Insights & Resources

Make That 400 Days: Quantifying the Opportunity Cost of Slower Accounting Packages

[Photo by Antonietta on Flickr]

In this post we write about and quantify the opportunity cost of not optimizing the speed at which the accounting package is due investment managers. Obtain the benefits of the time value of money from a faster receipt of these deliverables at the end of the month or quarter.

There is a scene in the western A Fistful of Dollars where the new stranger in town passes a coffin maker, telling him to get three coffins ready. This stranger, famously played by Clint Eastwood in his film debut, is on his way to confront a group of men who belong to one of the town’s presiding gangs. The coffin maker beams with excitement as he anticipates about what’s to go down next.

Owners and managers use scaling techniques in their businesses to capture economic opportunities in a market. This effort proves to be successful when each additional sale or dollar earned is done with the same resources prior to the effort to make that additional dollar.  In tech firms, managers scale with software-as-a-service (SaaS). At auto original equipment manufacturers, managers scale with production lines. At fund management businesses, the general partner scales with capital deployment across investment platforms using financial leverage. Business managers scale operations as much as they can until marginal costs begin to meet or exceed marginal revenues. At that stage, returns approach zero or become negative as competition drives profits down.

When a company gets to this point, there are array of choices ahead for managers who are looking to grow and improve efficiency.

Moving into another industry carries additional and often unknown risks. Capital expansions can require additional investment with possible dilution to owners. Acquisitions can be fraught with asymmetric information and cultural differences. For investment companies, a hedge fund manager may close a fund to investors because the levered strategy is at capacity. A commodity trading advisor (CTA) may have a growth constraint because there are regulatory limits on position size in an intra commodity spread strategy. Either of these managers may need to hire a new team or develop an algorithm or run a new portfolio. Both managers realize greater costs in the form of wages, hardware purchases, or additional office space overhead.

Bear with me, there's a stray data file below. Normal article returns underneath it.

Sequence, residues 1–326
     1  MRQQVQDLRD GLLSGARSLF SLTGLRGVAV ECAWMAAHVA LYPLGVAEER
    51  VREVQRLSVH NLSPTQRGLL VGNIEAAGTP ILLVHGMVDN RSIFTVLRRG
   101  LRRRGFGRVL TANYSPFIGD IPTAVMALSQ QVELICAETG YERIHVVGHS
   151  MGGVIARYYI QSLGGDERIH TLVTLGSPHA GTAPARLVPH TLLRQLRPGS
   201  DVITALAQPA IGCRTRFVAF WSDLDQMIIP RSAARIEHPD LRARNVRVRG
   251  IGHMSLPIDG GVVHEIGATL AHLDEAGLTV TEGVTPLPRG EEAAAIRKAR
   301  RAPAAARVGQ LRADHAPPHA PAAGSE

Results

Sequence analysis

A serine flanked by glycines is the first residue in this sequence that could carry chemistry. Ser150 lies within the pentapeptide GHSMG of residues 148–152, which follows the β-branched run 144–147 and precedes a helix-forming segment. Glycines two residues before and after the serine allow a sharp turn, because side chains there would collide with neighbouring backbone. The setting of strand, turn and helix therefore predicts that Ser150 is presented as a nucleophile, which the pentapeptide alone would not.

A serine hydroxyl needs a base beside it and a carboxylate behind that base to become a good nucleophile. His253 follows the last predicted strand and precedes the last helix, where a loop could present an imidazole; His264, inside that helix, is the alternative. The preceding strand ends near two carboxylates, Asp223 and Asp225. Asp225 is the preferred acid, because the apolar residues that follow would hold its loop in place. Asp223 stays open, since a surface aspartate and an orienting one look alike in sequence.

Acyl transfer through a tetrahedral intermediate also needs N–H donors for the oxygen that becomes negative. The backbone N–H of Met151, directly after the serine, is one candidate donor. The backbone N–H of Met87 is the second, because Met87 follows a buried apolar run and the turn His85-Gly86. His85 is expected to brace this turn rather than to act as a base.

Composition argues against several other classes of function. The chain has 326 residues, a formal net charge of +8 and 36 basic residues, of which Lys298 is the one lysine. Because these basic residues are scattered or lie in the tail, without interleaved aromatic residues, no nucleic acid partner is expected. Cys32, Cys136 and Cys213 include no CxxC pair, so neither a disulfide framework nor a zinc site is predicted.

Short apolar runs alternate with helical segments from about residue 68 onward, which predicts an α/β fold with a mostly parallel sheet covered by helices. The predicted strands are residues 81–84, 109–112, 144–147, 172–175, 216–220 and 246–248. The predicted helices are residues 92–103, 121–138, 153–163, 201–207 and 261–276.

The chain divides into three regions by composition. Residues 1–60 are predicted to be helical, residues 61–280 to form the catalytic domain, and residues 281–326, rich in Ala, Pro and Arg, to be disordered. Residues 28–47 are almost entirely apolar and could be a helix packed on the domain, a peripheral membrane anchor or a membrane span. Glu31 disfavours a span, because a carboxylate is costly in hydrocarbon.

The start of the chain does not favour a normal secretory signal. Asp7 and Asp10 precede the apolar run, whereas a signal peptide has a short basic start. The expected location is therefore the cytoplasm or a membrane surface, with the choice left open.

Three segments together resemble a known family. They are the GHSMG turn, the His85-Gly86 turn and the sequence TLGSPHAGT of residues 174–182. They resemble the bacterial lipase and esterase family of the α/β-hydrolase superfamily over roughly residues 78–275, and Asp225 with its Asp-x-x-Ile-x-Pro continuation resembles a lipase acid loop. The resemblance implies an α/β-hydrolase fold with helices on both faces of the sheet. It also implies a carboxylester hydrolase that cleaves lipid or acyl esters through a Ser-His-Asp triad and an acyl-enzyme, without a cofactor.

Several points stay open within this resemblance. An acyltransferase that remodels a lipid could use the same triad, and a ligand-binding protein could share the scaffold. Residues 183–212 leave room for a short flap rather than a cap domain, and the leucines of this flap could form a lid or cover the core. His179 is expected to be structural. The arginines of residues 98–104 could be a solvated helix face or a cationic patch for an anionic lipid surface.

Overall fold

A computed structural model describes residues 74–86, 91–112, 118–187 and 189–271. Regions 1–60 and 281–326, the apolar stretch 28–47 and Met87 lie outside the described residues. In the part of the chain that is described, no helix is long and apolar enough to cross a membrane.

Make Working Capital Work

This is where vendor relationships can help with extracting value from your operation. Working capital, current assets minus current liabilities on a balance sheet, is used to finance the daily operations. Operators monetize short term assets to cover short term liabilities.  They use that capital to run a business without the need to initiate a capital call in a general partnership or request an equity infusion at a startup. Short term obligations include vendor payments to Bloomberg for a terminal, to Thomson Reuters for news flow, to Moody’s for credit risk data, to Trading Technologies for an execution platform, to the building owner for rent and to an underwriter for directors’ and officers’ insurance.

At externally managed funds, operators charge investors for some vendor payments directly. For those expenses charged to the management company, there are two primary sources of revenue that cover them: management fees and incentive fees. These accrue over a quarter and are paid out to the manager in a following month. For managers there are vendor payments due in in this ensuing month.

For internally managed funds, for management company expenses and for managers who pay themselves compensation out of fee receivables, every decline in receivable days counts. Getting paid faster four times a year over a period of ten years can add up. For example, at a general partner, fees are paid-in from the fund when the net asset value (NAV) package is completed by the fund administrator. A managing member gets paid after this task has been completed.  This accounting work on a fund at the end of a quarter determines if profitability levels have been met and exceeded by the manager. The NAV of the fund determines how much a member is to be paid. The speed at which this package is delivered determines when the manager gets paid. Here’s why that also matters: